Social Media can be one of your best tools in a job search but it can also be your worst enemy, sucking away all your time into the great wide expanse of virtual living and diminishing your privacy at every turn. Here are a few sites and Dos and Don’ts to consider before you get on the social media bandwagon:
Do: Create a LinkedIn Profile and keep it up-to-date. Ask your stakeholders and business partners to write short references for you and offer to do the same for others you respect.
Do: Network with your LinkedIn group for suggestions on topics and growing businesses to explore and ask for contacts.
Don’t: Use LinkedIn as a way just to rack up names and numbers of people you don’t know and send out some huge blast of resumes and/or other requests for help with people who have never heard from you.
Do: Publish relevant posts that pertain to your industry. Showcase yourself as a thought leader in your space and share your findings and thoughts with your colleagues.
Do: Clean up your “social sharing” pages, making sure they are free from any pictures, comments, and/or other dubious material that a prospective employer may see if they get access to your profile/page that would reflect poorly on you.
Do: Use Facebook to keep up with friends, family, customers, and past co-workers that you trust and feel free to reach out to them personally for networking help.
Don’t: Post on Facebook or any other site that you are looking for a job if you are currently employed.
Do: Learn how to manage your privacy settings. Making sure all of your social accounts are visible to friends only will help you separate your private life from your professional one.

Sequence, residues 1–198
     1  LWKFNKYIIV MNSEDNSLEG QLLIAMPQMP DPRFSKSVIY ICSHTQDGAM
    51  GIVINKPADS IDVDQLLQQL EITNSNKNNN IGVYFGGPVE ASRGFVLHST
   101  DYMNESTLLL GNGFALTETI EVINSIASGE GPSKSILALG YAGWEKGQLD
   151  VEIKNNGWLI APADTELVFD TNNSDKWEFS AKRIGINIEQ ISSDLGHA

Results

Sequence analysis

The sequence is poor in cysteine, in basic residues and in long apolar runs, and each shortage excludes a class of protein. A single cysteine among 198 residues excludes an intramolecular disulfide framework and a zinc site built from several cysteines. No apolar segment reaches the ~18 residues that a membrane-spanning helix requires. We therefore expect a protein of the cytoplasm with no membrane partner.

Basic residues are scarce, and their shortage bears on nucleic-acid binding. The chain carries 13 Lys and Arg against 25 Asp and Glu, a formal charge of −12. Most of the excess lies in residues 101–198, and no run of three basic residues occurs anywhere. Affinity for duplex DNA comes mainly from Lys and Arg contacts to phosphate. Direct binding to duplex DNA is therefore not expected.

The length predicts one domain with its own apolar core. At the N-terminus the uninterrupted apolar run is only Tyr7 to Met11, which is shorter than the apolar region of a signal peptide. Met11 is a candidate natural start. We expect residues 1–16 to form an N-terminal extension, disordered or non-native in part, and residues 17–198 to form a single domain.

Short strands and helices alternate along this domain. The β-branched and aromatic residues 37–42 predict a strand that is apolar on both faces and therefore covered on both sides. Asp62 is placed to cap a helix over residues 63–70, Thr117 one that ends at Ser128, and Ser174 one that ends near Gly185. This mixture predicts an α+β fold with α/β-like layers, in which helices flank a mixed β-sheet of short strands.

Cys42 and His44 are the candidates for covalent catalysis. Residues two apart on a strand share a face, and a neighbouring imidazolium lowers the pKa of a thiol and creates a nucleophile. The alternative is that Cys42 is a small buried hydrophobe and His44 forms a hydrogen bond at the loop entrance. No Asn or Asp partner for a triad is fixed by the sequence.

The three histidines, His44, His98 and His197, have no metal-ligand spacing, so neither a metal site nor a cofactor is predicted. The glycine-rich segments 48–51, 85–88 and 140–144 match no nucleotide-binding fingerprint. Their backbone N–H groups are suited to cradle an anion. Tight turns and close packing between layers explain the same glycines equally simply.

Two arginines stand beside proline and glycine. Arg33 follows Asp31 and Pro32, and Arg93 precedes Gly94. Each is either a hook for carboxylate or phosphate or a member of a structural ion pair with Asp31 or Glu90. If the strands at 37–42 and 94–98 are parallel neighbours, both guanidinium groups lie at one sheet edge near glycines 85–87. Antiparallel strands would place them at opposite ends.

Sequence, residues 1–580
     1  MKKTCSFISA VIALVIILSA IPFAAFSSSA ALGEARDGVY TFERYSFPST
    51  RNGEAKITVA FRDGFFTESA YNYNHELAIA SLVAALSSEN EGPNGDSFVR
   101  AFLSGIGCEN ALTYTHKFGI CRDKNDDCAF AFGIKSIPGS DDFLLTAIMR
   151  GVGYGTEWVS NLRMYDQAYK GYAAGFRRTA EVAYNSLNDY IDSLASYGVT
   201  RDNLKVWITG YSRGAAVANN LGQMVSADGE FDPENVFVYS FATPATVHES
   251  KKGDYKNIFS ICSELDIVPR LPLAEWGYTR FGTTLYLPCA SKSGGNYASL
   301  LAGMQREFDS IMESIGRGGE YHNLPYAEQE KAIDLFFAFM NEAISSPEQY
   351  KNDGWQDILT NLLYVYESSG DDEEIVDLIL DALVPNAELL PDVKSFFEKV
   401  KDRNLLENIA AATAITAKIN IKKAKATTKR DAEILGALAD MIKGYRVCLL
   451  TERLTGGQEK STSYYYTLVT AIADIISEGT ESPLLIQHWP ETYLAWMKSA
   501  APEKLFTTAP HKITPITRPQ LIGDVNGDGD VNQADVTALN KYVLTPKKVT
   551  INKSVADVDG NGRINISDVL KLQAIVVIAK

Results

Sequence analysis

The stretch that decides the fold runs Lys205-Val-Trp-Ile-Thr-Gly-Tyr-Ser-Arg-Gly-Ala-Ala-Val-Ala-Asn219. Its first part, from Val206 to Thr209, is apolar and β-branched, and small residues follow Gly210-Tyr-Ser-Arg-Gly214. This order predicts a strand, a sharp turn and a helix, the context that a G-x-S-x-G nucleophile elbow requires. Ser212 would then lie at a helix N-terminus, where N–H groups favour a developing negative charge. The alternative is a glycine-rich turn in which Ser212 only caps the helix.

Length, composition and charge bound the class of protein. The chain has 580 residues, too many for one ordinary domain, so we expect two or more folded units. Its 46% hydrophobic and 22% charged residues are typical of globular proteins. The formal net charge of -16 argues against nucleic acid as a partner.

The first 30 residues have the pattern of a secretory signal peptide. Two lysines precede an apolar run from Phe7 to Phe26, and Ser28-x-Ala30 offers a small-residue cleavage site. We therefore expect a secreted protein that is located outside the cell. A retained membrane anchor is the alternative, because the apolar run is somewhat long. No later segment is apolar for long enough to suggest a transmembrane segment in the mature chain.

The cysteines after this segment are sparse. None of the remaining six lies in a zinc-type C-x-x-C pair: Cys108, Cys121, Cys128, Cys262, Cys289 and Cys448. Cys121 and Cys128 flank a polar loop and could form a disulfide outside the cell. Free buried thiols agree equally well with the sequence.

We’re on it, but I think it has limited play for individuals looking and/or networking for work. Use the same advice as above and…
Don’t: Tweet something every few minutes, particularly what you are eating or what your child is doing. Most of us don’t need or want the minute to minute play on your life and it certainly won’t help you in your job search.
Do: Use this as a resource to keep up with the companies you’d be interested in working for. Keep up with the major players in your industry to ensure that you stay relevant and current.
YouTube & Blogging
These can be great tools, particularly if you are in a creative field, write well, or look great on camera.
Do: Create a short, relevant video of your work, if it plays well visually, and make sure your contact information is visible.
Do: Blog about relevant topics in your line of work, opinions on the future, etc…. and feel free to share the personal side of yourself—within professional limits.
Don’t: Publish anything that can be construed as confidential to your current or past employer that can get you sued or fired.
There are many specialized social networking and multimedia sites where you can create podcasts, video resumes, presentation sharing, etc… that may all have some relevance to your job search that can be explored. But keep this in mind: Once it is on the internet it is no longer private, it never really goes away, and it is discoverable in a court of law.
Use common sense incorporating social media into your job search and do not lose sight that people still hire people they have great relationships with—and that is always done better in person or over the phone.